Gov. Jerry Brown on Friday lashed out at a campaign committee opposed to his November ballot measure to fund education for accepting an $11 million donation from what he called a "shadowy" Arizona nonprofit that refuses to disclose its donors.
Brown called the donation "an obvious attempt to subvert the democratic process."
The Small Business Action Committee PAC opposes Brown's Proposition 30, an income tax increase on wealthy Californians and a quarter-cent sales tax increase, and supports Proposition 32, a measure aimed at curtailing organized labor's political spending power by banning all payroll deductions for political uses.
The committee this week received an $11 million donation from an Arizona nonprofit called Americans for Responsible Leadership.
The group was formed in 2011 and previously had spent only about $600,000 in Arizona.
Nonprofits are not legally mandated by federal law to disclose where they get their money, but the California Fair Political Practices Commission enacted a rule in May that requires nonprofits to disclose who their donors are when the donors gave money to target specific issues.
"Between now and well before the election day, I demand that this shadowy committee from Arizona come out of the shadows and identify who are the big donors," Brown told City News Service. "That Arizona committee didn't find the $11 million on a street corner. These are very wealthy people or super PACS or corporations, who have engaged in a very conscious scheme to subvert the election laws of California."
Americans for Responsible Leadership and the Small Business Action Committee PAC did not return requests for comment.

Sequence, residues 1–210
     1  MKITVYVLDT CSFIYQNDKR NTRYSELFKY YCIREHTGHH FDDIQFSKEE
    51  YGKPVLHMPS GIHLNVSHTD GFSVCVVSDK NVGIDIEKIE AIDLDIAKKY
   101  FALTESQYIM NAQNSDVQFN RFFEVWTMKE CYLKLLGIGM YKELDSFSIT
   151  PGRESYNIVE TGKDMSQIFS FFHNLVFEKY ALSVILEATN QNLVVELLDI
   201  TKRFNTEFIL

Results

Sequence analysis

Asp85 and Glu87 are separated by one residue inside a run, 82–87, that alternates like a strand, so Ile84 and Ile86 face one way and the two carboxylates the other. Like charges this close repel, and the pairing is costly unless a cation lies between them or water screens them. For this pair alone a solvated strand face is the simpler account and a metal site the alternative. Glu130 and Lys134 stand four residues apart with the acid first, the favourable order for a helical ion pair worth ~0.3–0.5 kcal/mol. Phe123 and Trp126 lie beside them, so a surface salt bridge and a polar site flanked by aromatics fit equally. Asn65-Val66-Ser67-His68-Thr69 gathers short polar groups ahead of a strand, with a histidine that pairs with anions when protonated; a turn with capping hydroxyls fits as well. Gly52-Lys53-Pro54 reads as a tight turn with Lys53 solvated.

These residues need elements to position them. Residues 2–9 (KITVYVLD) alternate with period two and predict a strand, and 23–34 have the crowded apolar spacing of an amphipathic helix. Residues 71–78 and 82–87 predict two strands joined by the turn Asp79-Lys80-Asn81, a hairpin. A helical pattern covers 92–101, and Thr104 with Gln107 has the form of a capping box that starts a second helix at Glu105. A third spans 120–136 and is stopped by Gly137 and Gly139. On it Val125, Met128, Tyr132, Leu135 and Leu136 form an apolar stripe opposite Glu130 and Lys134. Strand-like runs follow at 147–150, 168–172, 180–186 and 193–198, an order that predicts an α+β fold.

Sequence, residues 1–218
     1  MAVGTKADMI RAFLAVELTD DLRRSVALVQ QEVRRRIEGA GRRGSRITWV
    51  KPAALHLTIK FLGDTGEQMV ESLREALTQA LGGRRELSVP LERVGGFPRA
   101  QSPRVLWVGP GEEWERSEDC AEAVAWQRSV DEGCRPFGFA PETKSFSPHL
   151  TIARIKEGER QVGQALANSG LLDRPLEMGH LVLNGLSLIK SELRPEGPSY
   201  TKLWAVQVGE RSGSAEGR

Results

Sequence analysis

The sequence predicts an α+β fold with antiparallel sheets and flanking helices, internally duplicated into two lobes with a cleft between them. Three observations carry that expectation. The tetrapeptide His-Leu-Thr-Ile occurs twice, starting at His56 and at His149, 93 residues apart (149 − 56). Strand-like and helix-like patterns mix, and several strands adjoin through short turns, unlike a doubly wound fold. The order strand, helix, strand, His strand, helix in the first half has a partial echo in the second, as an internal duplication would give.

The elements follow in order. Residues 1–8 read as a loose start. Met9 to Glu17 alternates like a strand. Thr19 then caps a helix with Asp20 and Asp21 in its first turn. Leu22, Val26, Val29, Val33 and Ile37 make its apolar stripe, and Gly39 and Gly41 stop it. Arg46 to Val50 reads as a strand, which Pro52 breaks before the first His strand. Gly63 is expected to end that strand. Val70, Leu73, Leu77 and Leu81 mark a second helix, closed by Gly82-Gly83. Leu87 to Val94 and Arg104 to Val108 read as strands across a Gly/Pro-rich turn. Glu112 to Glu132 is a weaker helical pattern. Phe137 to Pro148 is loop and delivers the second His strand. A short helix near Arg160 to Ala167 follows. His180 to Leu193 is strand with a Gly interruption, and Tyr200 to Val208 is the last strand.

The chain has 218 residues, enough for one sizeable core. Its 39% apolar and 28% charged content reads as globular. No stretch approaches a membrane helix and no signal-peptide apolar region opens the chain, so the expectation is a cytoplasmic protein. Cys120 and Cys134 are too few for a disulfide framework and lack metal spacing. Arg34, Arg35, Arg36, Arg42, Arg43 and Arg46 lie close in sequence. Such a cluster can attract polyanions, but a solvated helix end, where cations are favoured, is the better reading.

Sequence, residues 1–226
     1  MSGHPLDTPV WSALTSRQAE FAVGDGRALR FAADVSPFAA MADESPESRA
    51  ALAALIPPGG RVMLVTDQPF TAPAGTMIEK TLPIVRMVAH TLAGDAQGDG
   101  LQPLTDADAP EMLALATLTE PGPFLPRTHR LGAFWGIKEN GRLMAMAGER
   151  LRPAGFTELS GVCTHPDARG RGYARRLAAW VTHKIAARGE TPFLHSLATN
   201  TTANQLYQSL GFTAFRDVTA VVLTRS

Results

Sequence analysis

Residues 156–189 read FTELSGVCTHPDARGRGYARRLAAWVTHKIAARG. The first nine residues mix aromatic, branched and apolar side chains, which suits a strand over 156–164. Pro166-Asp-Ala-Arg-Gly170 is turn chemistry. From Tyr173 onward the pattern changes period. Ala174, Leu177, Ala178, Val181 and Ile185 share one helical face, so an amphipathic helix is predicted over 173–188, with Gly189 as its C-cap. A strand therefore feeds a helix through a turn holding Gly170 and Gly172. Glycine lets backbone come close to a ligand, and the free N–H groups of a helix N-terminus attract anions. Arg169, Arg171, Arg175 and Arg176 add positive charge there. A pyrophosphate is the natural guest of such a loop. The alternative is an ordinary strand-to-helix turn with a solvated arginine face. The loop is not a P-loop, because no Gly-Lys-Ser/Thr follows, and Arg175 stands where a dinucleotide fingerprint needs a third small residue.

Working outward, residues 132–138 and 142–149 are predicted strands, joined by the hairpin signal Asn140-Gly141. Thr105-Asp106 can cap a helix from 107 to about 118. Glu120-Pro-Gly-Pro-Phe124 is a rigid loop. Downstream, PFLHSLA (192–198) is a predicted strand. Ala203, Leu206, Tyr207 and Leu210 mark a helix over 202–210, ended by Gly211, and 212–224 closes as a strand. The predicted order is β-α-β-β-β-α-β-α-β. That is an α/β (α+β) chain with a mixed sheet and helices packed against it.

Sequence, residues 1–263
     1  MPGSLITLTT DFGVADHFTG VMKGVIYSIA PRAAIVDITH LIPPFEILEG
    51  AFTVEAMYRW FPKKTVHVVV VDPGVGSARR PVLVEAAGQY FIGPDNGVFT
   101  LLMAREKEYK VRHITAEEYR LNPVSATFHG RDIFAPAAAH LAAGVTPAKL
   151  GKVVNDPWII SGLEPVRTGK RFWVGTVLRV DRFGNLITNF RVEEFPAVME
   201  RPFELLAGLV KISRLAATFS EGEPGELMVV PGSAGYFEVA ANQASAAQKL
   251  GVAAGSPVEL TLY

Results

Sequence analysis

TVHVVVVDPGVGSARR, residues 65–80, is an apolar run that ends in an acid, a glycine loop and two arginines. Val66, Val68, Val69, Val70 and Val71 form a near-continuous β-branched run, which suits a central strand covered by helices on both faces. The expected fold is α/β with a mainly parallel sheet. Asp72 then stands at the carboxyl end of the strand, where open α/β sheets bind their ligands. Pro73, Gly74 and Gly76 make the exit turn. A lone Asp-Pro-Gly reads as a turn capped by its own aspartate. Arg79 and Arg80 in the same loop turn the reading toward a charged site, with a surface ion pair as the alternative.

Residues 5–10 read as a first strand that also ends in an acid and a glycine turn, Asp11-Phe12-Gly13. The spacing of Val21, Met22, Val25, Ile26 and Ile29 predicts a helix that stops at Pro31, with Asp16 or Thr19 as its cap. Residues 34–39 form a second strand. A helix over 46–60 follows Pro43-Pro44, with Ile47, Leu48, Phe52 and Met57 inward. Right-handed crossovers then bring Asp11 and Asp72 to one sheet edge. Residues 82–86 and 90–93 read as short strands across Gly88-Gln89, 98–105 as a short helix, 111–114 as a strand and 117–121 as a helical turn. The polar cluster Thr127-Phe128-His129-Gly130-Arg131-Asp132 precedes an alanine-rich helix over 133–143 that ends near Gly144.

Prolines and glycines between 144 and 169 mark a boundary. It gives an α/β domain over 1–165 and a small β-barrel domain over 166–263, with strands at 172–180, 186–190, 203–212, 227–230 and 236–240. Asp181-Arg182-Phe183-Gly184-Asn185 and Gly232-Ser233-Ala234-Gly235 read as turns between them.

The nonprofit campaign finance watchdog group Common Cause filed a complaint today with the Fair Political Practices Commission, asking the commission to subpoena the Small Business Action Committee PAC.
Philip Ung, a policy analyst with Common Cause, said the Arizona group's pattern of spending "would be suspicious to a college accounting student."
"The FPPC must not fail Californians now by looking the other way while cloaked operatives secretly launder millions of dollars in campaign funds," Ung said.
FPPC Chairwoman Ann Ravel said her staff will decide by early next week if the commission has jurisdiction to look into the complaint.
Subsequently, Ravel said, the FPPC will move quickly to open an investigation or ask a judge to halt the committee's spending money until it is determined whether the committee violated state campaign finance regulations.
Ravel called the contribution "extraordinary" on the state level.
"This is absolutely what the FPPC takes very seriously. It is such a large contribution that the info about the donors should be disclosed and should be public. Whether or not we have the authority is something we're looking at right now," Ravel said.